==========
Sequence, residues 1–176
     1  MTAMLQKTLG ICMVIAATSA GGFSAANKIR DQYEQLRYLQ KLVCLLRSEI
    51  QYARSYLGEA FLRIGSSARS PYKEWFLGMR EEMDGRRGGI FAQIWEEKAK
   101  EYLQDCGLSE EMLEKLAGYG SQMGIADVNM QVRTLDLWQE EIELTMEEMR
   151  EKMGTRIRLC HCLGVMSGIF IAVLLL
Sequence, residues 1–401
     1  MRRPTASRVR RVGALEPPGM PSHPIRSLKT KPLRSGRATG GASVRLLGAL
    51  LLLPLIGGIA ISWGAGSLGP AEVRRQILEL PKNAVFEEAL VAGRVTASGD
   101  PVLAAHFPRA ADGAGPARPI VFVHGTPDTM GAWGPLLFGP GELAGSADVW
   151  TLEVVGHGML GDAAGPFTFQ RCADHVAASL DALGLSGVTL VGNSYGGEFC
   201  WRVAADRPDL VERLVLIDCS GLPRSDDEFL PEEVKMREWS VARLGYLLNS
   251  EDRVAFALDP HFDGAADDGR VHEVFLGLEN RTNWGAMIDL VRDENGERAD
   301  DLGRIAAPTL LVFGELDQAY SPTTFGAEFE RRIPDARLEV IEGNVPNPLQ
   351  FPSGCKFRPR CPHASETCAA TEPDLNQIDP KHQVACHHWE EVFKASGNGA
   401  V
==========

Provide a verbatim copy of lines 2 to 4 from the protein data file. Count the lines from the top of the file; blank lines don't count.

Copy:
     1  MTAMLQKTLG ICMVIAATSA GGFSAANKIR DQYEQLRYLQ KLVCLLRSEI
    51  QYARSYLGEA FLRIGSSARS PYKEWFLGMR EEMDGRRGGI FAQIWEEKAK
   101  EYLQDCGLSE EMLEKLAGYG SQMGIADVNM QVRTLDLWQE EIELTMEEMR